Before Soundgarden became the band known today, singer and drummer Chris Cornell, and bassist Hiro Yamamoto were part of an early-80’s band known as the Shemps. After Yamamoto left the group, his replacement, bassist and guitarist Kim Thayil took over and the foundation for Soundgarden was laid. In 1984, following the breakup of The Shemps, Cornell, Yamamoto, and Thayil joined forces and assumed the name Soundgarden. After recruiting drummer Matt Cameron so that Cornell could focus on singing, the band began to set their sights on success. After recording several songs and playing local shows in the Seattle area, Soundgarden were scouted by a local DJ, who gave them the means to record their first single, “Hunted Down” in 1987. As Soundgarden continued to gain momentum around Seattle with their popular single and growing fanbase, the group was signed to SST Records and their first album, Ultramega OK, was released in 1988. This first attempt proved remarkably successful. Bolstered by their first music video for the song “Flower,” the band was nominated for a Grammy for the Best Metal Performance category.
As grunge music gained popularity nationwide, Soundgarden released their second album, Louder Than Love (1989) which edged them even closer to stardom. With their album reaching #108 on the Billboard Top 200 chart and tours on the horizon, Soundgarden received a blow after Yamamoto left the group to further his college education. His replacement, former Nirvana member Jason Everman, fared no better. Following Soundgarden’s Louder Than Love tour, he was let go on the grounds that he simply wasn’t meshing well with the group. With three being the magic number, Ben Shepherd joined the group, and their lineup has remained unchanged ever since. Their third studio album, Badmotorfinger was released in 1991, and the upward climb continued. Receiving positive reviews for their heavy-hitting sound combined with insightful lyrics, and boosted by the controversy surrounding their single Jesus Christ Pose (many considered it anti-Christian, while Cornell insisted that the lyrics were meant to chastise politicians who hid behind religion for their political platforms), Badmotorfinger climbed to #39 on both the Billboard and UK Albums charts.
True success for the band didn’t come until ten years after their formation, with the release of their fourth album, Superunknown in 1994. With multiple singles including “Spoonman,” “The Day I Tried to Live,” “My Wave,” “Fell on Black Days,” and the endearing “Black Hole Sun,” Superunknown became their best-selling album to date, debuting at #1 and being certified five times platinum. Despite Grammy nominations in the past, it was Superunknown which finally clinched awards for Soundgarden, with awards given to “Black Hole Sun” for Best Hard Rock Performance, and to “Spoonman” for Best Metal Performance. Additionally, the album itself was nominated for Best Rock Album in 1995.
The rapid succession of touring for their hit album took a toll on the band in more ways than one. In late 1994, the band was forced to postpone shows after Cornell, singing an average of five nights per week, damaged his vocal cords. Further, the extended time on the road began to take a toll on the band, and tensions mounted. Feeling that their time together would be coming to a close, Soundgarden completed their Superunknown tour and began work on their fifth album, Down on the Upside, which was released in 1996. The album’s many singles, “Pretty Noose,” “Burden in My Hand,” and “Blow Up the Outside World,” combined with a Grammy nomination for Best Hard Rock Performance for “Pretty Noose,” failed to keep the band together. Despite touring with Metallica for Lollapalooza 1996, things had turned sour. As performing the same songs night after night became more of a chore, the group decided the time had come to disband, and in 1997, their breakup was officially announced.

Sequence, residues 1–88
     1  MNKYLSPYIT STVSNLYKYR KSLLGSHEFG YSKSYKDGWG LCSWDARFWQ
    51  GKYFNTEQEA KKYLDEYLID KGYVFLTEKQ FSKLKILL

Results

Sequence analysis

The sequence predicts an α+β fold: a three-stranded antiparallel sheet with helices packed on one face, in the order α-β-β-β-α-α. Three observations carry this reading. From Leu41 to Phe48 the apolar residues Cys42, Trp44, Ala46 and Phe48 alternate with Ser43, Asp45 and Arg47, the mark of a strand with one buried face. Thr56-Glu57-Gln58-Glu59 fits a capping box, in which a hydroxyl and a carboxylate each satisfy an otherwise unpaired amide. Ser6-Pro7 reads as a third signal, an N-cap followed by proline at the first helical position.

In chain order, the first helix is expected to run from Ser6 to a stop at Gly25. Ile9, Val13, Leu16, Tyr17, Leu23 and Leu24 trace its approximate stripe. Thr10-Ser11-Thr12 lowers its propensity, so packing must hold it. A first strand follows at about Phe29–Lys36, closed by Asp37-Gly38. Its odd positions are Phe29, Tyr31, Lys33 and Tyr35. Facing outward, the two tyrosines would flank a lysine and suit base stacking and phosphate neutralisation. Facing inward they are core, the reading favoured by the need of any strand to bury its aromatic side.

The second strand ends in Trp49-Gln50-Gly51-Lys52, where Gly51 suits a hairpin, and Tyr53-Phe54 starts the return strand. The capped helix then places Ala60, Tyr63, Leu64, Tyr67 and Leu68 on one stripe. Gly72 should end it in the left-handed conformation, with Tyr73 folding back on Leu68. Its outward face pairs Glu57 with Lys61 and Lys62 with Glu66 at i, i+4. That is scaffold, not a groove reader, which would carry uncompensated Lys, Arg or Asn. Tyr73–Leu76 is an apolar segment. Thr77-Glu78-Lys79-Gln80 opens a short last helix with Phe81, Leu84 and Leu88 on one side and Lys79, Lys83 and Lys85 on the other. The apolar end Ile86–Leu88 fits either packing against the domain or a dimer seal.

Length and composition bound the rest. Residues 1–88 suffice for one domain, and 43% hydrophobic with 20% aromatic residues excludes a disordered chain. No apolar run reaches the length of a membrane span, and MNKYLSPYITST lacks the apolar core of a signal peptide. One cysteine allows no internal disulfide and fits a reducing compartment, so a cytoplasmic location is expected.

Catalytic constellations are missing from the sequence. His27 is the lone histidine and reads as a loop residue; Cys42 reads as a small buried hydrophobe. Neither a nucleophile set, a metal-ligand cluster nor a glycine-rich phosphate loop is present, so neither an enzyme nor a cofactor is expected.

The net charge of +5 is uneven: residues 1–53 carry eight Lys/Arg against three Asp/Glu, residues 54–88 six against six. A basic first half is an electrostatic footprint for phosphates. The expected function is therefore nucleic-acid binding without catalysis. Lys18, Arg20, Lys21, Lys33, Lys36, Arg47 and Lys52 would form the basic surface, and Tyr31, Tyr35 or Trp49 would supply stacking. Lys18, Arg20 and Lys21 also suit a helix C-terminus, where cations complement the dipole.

Soundgarden, however, seemed to have become a springboard for its members, spawning several successful projects. Most notably was Chris Cornell’s band, Audioslave, which also featured three members of the disbanded Rage Against The Machine, who released three albums between 2002 and 2006. During this time, Thayil worked with former Nirvana members, offering his talents to both Krist Novoselic and Dave Grohl, Cameron drummed for notables including The Smashing Pumpkins (contributing to their Adore album) and Pearl Jam (taking part in four albums from 2000 to 2009), while Shephard toured with Mark Lanegan and assisted Tony Iommi on his 2000 album IOMMI. Despite their insistence for over a decade that the group was broken up for good, Soundgarden was forced to eat their words in 2010 when the group began to hint to fans that a tour was on the horizon. When their first reunion show sold out in under fifteen minutes, their popular shows with venues including Lollapalooza, and their wide reception in other media outlets such as their feature on Guitar Hero: Warriors of Rock, fans have made it clear that their love for Soundgarden never died. While the band continues to deny any possibility of a sixth studio album, the music world can only hope, wait and see.